Any fan of London theatre must be aware of the buzz surrounding Cyrano De Bergerac, which is opening in November at the Playhouse Theatre starring that darling of film and TV – James McAvoy. While the star is a household name, the play itself may be somewhat less familiar, so what, exactly, is Cyrano De Bergerac about?
Cyrano De Bergerac was written in 1897 by French dramatist and poet, Edmond Rostand. Written entirely in verse (rhyming couplets, to be specific) this play tells the story of titular hero Hercule Savinien Cyrano de Bergerac and his romance-by-proxy of the beautiful Roxanne (who happens to be his cousin, because it was the olden days). Cyrano is a dashing figure; a skilled swordsman, a gifted poet and a talented musician. However, he has one flaw that greatly hampers his romantic confidence – a remarkably large nose.
Despite his sizable snoot, Cyrano is a cocky and sharp-tongued wit who often finds himself in trouble with the nobility that he insults. Over the course of several misadventures, Cyrano finds himself helping the handsome but somewhat dim-witted Christian to woo his beloved Roxanne. Cyrano helps Christian by writing love letters signed in his name to Roxanne. Cyrano’s poetic prowess leaves Roxanne smitten with Christian – and completely unaware that these letters actually represent Cyrano’s true feelings for her.
If this sounds familiar, that’s because the tale of Cyrano De Bergerac has been hugely influential on popular culture. A host of film versions have been released over the years and the story has been adapted into a variety of different settings and time periods. The most famous example is the popular 1987 romantic comedy Roxanne, starring Steve Martin and Daryl Hannah. This film is a modern retelling in which Martin’s big-nosed C.D. Bales writes romantic poetry to Hannah’s titular Roxanne, convincing her it is actually written by her swarthy but not-so-smart admirer Chris, played by Rick Russovich.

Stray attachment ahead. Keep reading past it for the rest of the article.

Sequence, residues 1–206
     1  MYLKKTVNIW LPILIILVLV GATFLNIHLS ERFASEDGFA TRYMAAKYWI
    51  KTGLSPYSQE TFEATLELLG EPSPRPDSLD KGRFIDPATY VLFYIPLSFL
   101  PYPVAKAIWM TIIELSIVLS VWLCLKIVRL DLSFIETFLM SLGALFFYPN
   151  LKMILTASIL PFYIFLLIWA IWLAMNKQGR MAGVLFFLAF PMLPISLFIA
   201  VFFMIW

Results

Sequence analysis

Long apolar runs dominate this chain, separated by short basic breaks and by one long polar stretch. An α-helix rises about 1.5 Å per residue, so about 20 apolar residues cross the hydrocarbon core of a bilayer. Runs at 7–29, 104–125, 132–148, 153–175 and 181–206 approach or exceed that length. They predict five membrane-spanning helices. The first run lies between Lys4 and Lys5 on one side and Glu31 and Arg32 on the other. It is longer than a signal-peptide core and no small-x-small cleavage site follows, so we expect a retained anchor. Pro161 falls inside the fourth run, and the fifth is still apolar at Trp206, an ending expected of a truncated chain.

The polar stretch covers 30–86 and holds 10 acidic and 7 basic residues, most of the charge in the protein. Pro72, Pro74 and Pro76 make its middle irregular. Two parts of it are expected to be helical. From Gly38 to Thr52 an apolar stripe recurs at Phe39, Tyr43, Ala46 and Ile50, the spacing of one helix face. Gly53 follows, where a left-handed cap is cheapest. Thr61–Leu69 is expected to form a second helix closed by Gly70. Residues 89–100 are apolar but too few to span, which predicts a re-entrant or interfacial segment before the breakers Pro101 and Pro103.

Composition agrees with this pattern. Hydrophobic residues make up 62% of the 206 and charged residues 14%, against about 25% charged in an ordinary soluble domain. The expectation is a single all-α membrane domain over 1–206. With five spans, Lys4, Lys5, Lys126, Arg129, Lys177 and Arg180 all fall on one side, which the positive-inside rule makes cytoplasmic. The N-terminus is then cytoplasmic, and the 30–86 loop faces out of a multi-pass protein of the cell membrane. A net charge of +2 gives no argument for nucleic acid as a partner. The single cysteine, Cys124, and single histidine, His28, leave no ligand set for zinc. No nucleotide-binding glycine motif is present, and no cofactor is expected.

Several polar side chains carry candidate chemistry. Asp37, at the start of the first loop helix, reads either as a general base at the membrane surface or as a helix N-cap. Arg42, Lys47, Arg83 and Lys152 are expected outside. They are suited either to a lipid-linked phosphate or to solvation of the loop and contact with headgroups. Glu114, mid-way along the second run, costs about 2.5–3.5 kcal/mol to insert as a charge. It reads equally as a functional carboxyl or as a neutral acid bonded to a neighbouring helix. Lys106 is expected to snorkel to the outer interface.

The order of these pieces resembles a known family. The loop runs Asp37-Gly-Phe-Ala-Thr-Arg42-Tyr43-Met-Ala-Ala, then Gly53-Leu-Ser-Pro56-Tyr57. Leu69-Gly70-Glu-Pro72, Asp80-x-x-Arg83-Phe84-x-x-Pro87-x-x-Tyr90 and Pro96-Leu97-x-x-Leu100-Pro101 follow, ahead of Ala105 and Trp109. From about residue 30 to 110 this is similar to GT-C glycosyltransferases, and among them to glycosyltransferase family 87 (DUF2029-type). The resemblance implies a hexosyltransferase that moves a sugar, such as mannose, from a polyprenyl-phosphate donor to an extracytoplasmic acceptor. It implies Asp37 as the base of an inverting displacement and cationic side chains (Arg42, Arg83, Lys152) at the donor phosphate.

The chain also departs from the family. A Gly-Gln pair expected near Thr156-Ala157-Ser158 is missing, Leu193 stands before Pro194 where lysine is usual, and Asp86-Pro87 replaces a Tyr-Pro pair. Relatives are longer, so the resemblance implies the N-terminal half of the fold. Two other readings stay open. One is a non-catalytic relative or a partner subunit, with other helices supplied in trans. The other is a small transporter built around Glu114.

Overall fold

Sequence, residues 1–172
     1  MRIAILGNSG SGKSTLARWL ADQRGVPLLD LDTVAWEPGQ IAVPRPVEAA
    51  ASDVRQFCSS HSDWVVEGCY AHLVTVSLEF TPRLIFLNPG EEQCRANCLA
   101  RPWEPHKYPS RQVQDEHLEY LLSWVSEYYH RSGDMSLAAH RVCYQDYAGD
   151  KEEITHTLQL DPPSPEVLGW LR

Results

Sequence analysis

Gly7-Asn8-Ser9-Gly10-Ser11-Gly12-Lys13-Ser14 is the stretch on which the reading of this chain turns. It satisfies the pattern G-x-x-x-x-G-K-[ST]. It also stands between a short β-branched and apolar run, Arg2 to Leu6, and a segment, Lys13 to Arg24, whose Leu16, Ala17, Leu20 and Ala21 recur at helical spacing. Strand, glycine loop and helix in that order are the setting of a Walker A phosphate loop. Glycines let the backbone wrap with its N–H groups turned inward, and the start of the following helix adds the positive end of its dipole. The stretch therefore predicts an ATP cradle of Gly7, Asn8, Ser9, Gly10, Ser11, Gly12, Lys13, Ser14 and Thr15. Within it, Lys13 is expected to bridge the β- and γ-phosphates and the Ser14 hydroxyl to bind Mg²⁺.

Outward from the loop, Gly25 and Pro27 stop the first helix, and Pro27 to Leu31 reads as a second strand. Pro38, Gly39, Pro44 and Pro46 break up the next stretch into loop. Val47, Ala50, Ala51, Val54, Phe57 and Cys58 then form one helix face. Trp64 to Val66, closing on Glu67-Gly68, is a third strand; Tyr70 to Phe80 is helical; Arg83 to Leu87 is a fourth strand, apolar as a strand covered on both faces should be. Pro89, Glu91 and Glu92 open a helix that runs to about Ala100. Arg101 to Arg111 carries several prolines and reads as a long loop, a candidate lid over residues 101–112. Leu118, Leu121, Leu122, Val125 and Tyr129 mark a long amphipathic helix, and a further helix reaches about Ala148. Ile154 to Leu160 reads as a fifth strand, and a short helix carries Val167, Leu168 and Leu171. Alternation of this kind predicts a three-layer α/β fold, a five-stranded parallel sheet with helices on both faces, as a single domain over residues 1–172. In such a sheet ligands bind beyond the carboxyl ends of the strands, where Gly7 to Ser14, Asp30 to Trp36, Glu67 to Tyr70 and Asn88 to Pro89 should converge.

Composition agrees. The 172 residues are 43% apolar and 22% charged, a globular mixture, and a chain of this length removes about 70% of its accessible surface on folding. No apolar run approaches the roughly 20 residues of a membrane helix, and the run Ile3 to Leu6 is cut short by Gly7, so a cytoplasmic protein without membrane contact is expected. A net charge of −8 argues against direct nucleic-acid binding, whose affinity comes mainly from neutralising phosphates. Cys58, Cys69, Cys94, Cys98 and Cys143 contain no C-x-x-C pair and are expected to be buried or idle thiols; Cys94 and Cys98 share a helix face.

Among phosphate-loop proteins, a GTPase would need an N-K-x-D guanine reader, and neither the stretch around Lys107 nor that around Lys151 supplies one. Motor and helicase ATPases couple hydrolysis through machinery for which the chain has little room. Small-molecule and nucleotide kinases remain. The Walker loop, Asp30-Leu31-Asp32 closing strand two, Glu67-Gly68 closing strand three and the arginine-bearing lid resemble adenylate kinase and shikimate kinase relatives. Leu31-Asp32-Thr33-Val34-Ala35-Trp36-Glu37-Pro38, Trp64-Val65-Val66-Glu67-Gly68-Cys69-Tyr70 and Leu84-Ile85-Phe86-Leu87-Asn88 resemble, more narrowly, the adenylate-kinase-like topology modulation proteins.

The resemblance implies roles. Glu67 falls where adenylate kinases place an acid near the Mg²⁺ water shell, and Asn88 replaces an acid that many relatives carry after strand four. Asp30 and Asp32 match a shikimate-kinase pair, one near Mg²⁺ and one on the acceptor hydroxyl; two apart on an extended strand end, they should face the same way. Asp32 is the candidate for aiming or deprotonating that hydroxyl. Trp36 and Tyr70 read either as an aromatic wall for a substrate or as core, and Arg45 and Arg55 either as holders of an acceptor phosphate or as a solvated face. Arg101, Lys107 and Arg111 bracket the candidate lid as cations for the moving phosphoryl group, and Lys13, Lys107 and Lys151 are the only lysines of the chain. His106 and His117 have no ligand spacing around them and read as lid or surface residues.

The production coming to the Playhouse in November is adapted by Martin Crimp (When We Have Sufficiently Tortured Each Other) and directed by Jamie Lloyd, who directed James McAvoy in an Olivier Nominated production of Macbeth at Trafalgar Studios in 2013.
Cyrano De Bergerac is shaping up to be one of 2019’s biggest West End plays, put together by an all-star team and starring one of today’s most dominant figures of stage and screen. Tickets for this limited run are available now, so click the link at the top right of this page to book yours.